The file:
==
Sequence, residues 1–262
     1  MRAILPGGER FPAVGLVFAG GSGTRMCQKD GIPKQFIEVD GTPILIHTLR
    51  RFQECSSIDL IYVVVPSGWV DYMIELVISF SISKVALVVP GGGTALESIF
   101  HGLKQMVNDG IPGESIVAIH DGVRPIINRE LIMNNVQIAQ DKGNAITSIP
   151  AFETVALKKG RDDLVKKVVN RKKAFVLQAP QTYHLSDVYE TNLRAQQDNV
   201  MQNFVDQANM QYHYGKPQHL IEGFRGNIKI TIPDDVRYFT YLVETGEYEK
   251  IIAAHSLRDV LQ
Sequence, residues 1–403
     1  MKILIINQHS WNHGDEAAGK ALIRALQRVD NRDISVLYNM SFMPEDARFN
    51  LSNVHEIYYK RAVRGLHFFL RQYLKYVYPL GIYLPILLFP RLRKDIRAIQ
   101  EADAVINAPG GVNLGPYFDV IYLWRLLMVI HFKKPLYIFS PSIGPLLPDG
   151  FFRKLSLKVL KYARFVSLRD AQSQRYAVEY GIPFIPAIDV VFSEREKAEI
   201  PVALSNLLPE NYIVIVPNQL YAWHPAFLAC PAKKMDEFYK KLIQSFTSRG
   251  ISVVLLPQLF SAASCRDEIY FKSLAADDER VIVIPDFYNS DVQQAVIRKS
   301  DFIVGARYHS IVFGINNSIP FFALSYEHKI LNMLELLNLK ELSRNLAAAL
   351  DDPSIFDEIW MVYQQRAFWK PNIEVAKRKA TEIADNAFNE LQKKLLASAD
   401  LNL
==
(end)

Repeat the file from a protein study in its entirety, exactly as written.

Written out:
Sequence, residues 1–262
     1  MRAILPGGER FPAVGLVFAG GSGTRMCQKD GIPKQFIEVD GTPILIHTLR
    51  RFQECSSIDL IYVVVPSGWV DYMIELVISF SISKVALVVP GGGTALESIF
   101  HGLKQMVNDG IPGESIVAIH DGVRPIINRE LIMNNVQIAQ DKGNAITSIP
   151  AFETVALKKG RDDLVKKVVN RKKAFVLQAP QTYHLSDVYE TNLRAQQDNV
   201  MQNFVDQANM QYHYGKPQHL IEGFRGNIKI TIPDDVRYFT YLVETGEYEK
   251  IIAAHSLRDV LQ
Sequence, residues 1–403
     1  MKILIINQHS WNHGDEAAGK ALIRALQRVD NRDISVLYNM SFMPEDARFN
    51  LSNVHEIYYK RAVRGLHFFL RQYLKYVYPL GIYLPILLFP RLRKDIRAIQ
   101  EADAVINAPG GVNLGPYFDV IYLWRLLMVI HFKKPLYIFS PSIGPLLPDG
   151  FFRKLSLKVL KYARFVSLRD AQSQRYAVEY GIPFIPAIDV VFSEREKAEI
   201  PVALSNLLPE NYIVIVPNQL YAWHPAFLAC PAKKMDEFYK KLIQSFTSRG
   251  ISVVLLPQLF SAASCRDEIY FKSLAADDER VIVIPDFYNS DVQQAVIRKS
   301  DFIVGARYHS IVFGINNSIP FFALSYEHKI LNMLELLNLK ELSRNLAAAL
   351  DDPSIFDEIW MVYQQRAFWK PNIEVAKRKA TEIADNAFNE LQKKLLASAD
   401  LNL